A particularly useful characteristic of these conotoxins is their high affinity for particular macromolecular receptors, accompanied by a narrow receptor-target specificity. A major problem in medicine results from side effects which drugs very often exhibit, some of which are caused by the drug binding not only to the particular receptor subtype that renders therapeutic value, but also to closely related, therapeutically irrelevant receptor subtypes which can often cause undesirable physiological effects. In contrast to most drugs, these conotoxins generally discriminate among closely related receptor subtypes.
The peptides are synthesized by a suitable method, such as by exclusively solid-phase techniques, by partial solid-phase techniques, by fragment condensation or by classical solution couplings.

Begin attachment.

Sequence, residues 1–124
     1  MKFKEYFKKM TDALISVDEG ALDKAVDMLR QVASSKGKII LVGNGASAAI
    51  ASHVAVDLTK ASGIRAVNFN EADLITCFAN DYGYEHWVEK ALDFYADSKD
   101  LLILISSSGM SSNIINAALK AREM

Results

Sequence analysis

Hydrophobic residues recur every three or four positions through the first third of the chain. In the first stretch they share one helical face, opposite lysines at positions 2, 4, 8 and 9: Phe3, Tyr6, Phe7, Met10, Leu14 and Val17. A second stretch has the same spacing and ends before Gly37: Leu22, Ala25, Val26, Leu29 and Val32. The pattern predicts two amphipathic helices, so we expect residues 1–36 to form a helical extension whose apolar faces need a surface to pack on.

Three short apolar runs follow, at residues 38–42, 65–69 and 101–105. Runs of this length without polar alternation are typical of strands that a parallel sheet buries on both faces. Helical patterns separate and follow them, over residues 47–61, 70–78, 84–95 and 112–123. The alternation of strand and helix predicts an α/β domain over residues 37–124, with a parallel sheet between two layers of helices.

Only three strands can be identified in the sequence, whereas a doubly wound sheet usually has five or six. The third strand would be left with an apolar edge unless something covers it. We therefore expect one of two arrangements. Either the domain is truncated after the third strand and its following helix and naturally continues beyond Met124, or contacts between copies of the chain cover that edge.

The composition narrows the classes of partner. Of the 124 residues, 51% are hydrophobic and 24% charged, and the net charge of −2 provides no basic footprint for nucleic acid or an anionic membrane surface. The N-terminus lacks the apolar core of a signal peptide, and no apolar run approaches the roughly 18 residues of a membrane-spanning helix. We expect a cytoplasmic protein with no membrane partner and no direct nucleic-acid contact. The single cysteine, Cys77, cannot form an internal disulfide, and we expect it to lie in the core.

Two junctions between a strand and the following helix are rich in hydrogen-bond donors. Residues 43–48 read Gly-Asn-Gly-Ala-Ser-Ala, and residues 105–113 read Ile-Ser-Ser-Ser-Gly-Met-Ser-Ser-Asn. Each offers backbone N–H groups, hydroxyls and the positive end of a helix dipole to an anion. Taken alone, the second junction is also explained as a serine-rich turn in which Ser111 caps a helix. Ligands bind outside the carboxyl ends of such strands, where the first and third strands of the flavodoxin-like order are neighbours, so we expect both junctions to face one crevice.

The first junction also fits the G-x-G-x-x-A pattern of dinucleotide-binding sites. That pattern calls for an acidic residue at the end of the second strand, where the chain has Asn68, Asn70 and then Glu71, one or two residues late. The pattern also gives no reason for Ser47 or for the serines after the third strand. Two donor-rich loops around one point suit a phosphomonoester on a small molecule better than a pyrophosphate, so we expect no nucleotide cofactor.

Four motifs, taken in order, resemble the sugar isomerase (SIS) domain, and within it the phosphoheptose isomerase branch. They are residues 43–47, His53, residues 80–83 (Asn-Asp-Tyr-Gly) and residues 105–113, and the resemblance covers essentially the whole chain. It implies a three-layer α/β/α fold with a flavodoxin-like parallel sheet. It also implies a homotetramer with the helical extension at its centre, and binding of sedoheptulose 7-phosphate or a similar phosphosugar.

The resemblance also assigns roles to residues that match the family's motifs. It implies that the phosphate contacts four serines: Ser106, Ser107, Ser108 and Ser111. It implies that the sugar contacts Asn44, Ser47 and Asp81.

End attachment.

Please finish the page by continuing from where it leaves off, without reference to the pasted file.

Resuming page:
In conventional solution phase peptide synthesis, the peptide chain can be prepared by a series of coupling reactions in which the constituent amino acids are added to the growing peptide chain in the desired sequence. The use of various N-protecting groups, various coupling reagents, e.g., dicyclohexylcarbodiimide or carbonyldiimidazole, various active esters, e.g., esters of N-hydroxyphthalimide or N-hydroxysuccinimide, and the various cleavage reagents, to carry out reaction in solution, with subsequent isolation and purification of intermediates, is well known classical peptide methodology. Classical solution synthesis is described in detail in the treatise "Methoden der Organischen Chemie (Houben-Weyl): Synthese von Peptiden", E. Wunsch (editor) (1974) Georg Thieme Verlag, Stuttgart, W. Ger. Techniques of exclusively solid-phase synthesis are set forth in the textbook "Solid-Phase Peptide Synthesis", Stewart & Young, Pierce Chemical Co., Rockford, Ill., 1984, and are exemplified by the disclosure of U.S. Pat. No. 4,105,603. The fragment condensation method of synthesis is exemplified in U.S. Pat. No. 3,972,859. Other available syntheses are exemplified by U.S. Pat. Nos. 3,842,067 and 3,862,925.